The Sun Journal asked, what’s your reaction to yesterday’s announced reopening timeline?

Five companies and two chamber of commerce leaders, in their own words.


“It’s not something one can exactly be happy with, but under the circumstances it seems reasonable. People ask all the time what they can do to help, and I always tell them, please stop by and get your beer and coffee when you’re out for other essential reasons, but other than that, stay home and stay safe and let’s get this behind us as quickly as we can.

Side By Each can survive with our current model (with some outside assistance) for a while, but the only long-term survival strategy is for us to get back fully open as soon as possible, and to stay that way. We’d rather have one longer shutdown than reopen too soon and have to shut down again if cases blow up. We’re also well aware that our kind of business carries a higher risk of transmission than some others, and we want to do what we can to support public health.


All that said, we are anticipating a slow, phased reopening.”


“The wedding industry peak season is May-October. Maine is a wedding destination and the financial ripple effect is far and wide throughout the state.

A ‘possible’ 50 people (will be able to gather) for June, July and August. Three months with no increase in the number of people a business can service? It makes it difficult to cut family and friends out from your 100+ wedding day guest list that has been planned for one to two years in advance.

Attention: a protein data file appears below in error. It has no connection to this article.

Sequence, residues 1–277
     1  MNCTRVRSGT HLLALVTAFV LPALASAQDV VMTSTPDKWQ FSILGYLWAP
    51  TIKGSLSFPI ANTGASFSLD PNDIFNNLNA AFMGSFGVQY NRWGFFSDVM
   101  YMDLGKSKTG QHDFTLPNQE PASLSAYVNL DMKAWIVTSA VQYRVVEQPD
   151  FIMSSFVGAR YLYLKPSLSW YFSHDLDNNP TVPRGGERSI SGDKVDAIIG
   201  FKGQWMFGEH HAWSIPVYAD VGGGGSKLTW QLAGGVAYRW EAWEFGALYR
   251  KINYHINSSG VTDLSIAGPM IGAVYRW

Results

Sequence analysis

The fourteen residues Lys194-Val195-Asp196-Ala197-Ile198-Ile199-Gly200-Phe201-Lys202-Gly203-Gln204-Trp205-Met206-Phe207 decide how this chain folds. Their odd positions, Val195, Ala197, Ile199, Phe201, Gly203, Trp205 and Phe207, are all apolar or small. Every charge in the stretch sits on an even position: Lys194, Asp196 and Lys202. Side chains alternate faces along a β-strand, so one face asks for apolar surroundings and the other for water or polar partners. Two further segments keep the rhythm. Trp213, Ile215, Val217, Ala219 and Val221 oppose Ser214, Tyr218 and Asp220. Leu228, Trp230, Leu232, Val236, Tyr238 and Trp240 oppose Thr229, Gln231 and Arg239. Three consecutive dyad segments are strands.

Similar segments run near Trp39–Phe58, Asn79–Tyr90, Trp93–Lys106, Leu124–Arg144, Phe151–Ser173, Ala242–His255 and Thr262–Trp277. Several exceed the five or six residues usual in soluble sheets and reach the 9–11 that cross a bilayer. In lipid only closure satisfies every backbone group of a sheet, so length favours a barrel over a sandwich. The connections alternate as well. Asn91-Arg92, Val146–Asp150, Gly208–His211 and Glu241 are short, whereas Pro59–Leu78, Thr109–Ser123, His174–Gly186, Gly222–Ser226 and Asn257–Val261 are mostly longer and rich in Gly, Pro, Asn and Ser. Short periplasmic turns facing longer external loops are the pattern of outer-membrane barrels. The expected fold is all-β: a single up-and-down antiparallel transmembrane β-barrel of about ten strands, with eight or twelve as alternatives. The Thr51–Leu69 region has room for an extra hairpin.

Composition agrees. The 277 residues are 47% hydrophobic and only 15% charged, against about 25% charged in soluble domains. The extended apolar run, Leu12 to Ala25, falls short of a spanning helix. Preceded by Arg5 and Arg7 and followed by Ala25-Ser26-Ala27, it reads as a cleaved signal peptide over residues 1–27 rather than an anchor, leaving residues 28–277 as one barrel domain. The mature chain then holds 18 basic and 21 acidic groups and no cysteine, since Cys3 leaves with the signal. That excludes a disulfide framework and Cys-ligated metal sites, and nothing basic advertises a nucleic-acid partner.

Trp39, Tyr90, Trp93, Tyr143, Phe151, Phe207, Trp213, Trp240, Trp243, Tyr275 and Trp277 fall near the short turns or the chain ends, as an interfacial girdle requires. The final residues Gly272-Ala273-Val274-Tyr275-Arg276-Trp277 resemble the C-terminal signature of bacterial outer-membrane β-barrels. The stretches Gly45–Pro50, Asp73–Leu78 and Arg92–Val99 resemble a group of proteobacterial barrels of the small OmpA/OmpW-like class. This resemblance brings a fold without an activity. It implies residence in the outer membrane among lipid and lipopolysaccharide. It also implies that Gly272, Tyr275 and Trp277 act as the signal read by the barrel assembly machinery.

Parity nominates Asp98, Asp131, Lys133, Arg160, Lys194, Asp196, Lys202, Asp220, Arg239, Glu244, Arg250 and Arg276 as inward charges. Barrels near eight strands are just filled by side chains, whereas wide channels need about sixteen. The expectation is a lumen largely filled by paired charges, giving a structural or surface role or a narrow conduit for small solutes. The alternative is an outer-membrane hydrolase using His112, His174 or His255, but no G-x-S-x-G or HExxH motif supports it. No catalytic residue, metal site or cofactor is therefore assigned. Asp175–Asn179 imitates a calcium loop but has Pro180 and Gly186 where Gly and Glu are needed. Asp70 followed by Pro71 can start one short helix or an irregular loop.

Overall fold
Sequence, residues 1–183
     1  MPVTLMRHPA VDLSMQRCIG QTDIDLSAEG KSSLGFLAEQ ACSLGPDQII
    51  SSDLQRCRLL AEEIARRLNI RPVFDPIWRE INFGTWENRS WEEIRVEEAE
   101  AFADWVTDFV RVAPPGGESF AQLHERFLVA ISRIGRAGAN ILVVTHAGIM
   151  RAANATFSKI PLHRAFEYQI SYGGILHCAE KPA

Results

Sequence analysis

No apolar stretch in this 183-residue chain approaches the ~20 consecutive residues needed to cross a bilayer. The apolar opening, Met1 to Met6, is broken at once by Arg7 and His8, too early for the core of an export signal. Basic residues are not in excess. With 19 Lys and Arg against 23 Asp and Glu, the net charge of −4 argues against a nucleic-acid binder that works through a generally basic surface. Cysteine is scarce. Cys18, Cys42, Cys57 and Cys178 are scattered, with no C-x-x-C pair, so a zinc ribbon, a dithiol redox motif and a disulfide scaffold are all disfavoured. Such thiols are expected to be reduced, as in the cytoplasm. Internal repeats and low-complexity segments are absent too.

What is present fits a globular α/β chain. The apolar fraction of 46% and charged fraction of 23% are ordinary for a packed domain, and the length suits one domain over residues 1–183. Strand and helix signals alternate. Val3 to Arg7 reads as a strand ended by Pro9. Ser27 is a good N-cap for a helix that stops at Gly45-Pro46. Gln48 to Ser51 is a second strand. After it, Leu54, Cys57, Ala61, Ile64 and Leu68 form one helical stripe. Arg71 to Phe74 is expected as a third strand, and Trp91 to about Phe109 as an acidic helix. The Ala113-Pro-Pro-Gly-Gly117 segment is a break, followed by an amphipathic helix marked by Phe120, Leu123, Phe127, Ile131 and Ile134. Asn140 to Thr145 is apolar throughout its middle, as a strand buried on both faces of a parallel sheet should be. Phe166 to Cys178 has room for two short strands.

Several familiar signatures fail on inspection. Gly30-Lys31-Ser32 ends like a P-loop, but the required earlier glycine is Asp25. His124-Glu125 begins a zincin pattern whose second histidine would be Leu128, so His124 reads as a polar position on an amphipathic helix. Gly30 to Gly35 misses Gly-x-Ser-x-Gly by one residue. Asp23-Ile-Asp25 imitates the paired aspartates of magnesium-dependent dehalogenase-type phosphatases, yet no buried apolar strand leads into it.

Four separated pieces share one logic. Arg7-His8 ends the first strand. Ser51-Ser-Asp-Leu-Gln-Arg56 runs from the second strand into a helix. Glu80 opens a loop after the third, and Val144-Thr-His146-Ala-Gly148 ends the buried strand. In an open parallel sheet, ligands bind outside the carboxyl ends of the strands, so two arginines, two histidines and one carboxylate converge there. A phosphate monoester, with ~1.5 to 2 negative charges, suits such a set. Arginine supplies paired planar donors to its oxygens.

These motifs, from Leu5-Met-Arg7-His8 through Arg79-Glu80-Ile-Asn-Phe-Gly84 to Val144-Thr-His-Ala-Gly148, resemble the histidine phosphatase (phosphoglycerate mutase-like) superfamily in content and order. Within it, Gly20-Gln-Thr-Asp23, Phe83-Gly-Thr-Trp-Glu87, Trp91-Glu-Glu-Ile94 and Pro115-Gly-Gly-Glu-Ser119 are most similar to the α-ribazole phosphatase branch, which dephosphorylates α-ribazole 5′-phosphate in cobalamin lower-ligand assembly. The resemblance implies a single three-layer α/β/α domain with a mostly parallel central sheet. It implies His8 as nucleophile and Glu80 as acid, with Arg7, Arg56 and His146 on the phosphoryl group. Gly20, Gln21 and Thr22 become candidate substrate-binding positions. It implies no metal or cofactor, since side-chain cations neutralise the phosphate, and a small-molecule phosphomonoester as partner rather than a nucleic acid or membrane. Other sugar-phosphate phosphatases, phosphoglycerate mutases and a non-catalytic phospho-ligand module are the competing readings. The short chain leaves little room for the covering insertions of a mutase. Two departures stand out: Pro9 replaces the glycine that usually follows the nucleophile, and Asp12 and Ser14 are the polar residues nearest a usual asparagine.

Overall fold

Gov. Mills needs to allow the private sector to do their job, with all safety guidelines in place and trust the people to make their decision to patronize a business.”



“I 100% believe in the science, believe that the stay-at-home order was necessary and think it has been for the best overall. The evidence shows that it has worked.

Craft Brew Underground has survived the ups and downs of the first two years, and there were more than a few times that I thought it wouldn’t make it. Needless to say, my personal investment in it has been all encompassing, emotionally and physically. This new timeline really felt like I was being kicked while I was down. I look at what places are allowed to reopen . . .  There is nothing ‘safer’ about those places than my business. If we were to implement a process of limiting the number of patrons, spacing out seating in the establishment and moving to a reservation system, there’s no way our businesses aren’t equally safe, or even more so. It just seems very arbitrary the way it is being done.